This guidance is wholly in line with the consensus among experts concluding that online voting is not a secure solution at this time, and will not be in the foreseeable future.[5] Scientists and security experts have repeatedly expressed concerns that any internet voting platform would be vulnerable to malware and denial of service attacks that could risk disenfranchisement, violations of voter anonymity and ballot secrecy, and the recording of incorrect voter choices. Moreover, internet voting systems fail to produce a meaningful voter-verified paper record that can be used to ensure the accuracy of election results.

In the midst of this pandemic that has so profoundly re-shaped our elections, we must remember that the election security threats revealed in 2016 persist. American elections remain vulnerable to foreign interference and cyberattacks. Federal intelligence agencies have warned that “Russia, China, Iran, and other foreign malicious actors all will seek to interfere in the voting process.”[6] And malicious actors have already sought to exploit vulnerabilities that have surfaced during the confusion caused by Covid-19.[7] The use of unproven voting technology only provides more opportunity for disruption.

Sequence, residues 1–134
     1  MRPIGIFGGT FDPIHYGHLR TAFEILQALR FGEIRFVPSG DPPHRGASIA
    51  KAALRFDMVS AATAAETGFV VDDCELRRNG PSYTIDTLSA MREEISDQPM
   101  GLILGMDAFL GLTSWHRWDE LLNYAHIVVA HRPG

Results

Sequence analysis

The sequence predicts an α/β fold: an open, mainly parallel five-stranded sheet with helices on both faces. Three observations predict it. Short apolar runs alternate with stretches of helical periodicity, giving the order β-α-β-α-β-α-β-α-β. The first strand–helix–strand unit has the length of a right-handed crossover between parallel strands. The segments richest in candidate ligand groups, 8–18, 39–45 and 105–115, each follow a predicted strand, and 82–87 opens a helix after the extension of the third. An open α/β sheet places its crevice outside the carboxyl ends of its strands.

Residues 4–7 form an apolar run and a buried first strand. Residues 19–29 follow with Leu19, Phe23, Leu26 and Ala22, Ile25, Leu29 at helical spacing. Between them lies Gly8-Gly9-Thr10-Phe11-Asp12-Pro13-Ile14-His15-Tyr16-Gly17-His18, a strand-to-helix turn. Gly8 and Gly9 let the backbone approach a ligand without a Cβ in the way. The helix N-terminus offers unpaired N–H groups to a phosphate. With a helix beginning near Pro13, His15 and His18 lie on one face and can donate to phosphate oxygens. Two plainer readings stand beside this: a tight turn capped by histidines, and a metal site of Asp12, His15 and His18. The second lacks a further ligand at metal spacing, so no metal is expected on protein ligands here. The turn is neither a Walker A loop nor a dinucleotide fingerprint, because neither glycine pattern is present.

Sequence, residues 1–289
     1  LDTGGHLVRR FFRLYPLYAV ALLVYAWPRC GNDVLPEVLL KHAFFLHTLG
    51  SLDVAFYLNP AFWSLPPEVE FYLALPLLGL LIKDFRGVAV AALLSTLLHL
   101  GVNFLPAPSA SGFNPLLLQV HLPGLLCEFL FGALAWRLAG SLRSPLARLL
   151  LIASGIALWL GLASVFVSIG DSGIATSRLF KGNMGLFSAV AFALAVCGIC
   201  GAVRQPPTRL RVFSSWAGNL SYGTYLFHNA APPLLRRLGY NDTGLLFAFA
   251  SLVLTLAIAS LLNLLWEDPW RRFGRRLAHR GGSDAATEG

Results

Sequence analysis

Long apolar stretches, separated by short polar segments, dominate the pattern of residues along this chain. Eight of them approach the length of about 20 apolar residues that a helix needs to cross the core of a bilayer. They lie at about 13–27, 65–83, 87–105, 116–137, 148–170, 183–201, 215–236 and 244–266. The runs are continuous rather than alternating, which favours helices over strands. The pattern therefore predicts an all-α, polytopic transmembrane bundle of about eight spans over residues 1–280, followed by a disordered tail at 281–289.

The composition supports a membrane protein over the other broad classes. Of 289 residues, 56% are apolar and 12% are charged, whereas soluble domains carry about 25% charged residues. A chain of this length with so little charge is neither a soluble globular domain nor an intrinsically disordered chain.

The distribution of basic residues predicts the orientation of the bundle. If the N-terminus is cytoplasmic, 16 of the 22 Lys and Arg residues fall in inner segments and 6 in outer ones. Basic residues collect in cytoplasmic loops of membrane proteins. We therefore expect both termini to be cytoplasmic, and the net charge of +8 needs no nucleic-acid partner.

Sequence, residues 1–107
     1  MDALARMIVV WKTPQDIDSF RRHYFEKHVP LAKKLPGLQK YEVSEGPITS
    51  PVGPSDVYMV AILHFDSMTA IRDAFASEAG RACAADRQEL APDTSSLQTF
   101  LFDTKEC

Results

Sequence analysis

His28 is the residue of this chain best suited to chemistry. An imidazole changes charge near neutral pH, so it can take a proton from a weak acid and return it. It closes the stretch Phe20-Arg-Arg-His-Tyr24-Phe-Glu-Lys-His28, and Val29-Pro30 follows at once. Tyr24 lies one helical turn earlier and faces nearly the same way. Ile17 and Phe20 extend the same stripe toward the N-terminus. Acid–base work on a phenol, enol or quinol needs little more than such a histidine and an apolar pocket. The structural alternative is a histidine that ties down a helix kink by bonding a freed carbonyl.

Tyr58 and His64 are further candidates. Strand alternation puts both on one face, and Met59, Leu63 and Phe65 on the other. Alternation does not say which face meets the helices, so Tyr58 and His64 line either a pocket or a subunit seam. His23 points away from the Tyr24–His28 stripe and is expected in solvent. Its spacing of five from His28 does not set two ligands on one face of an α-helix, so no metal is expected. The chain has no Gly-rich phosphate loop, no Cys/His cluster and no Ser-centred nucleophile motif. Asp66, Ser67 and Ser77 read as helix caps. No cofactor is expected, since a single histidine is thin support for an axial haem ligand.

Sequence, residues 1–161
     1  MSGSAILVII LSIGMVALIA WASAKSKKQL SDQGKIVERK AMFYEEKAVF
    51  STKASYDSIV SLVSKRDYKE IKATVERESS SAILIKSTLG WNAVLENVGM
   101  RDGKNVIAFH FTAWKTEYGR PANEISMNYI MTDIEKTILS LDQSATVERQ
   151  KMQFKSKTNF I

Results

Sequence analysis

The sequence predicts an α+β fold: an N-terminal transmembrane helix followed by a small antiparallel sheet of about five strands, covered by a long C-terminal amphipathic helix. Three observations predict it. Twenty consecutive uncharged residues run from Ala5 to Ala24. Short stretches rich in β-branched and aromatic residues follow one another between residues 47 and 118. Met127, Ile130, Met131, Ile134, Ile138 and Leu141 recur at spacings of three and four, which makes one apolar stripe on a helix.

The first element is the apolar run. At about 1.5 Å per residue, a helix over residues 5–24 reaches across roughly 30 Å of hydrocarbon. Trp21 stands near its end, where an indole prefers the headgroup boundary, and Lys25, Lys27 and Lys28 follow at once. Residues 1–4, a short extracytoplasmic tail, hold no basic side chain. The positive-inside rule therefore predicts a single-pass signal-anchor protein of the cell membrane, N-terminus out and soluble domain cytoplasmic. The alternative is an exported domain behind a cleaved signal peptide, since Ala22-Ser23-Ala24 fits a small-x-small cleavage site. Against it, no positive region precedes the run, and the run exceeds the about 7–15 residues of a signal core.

We appreciate the desire to expand voting options in response to the Covid-19 pandemic However, we encourage you to make decisions based on the scientific evidence available. And that evidence is clear: the use of internet voting systems jeopardizes confidence in the accuracy of elections. We encourage you instead to use methods of voting – such as expansive mail voting and early in-person voting – which have proven to be accessible, safe, and secure. Additionally, New Jersey can provide access to voters with disabilities using options, deployed in other jurisdictions, which provide accommodation without risking the integrity of the election and the voters’ ballot. For example, California, a state that has rigorous security standards, has conditionally certified three systems[8] to provide a remote accessible vote by mail (RAVBM) option.11 These systems allow voters with disabilities to receive an electronic ballot, download it, mark it offline using their own assistive technologies, print it out and mail it or drop it off. We would be happy to provide further information about how these systems work.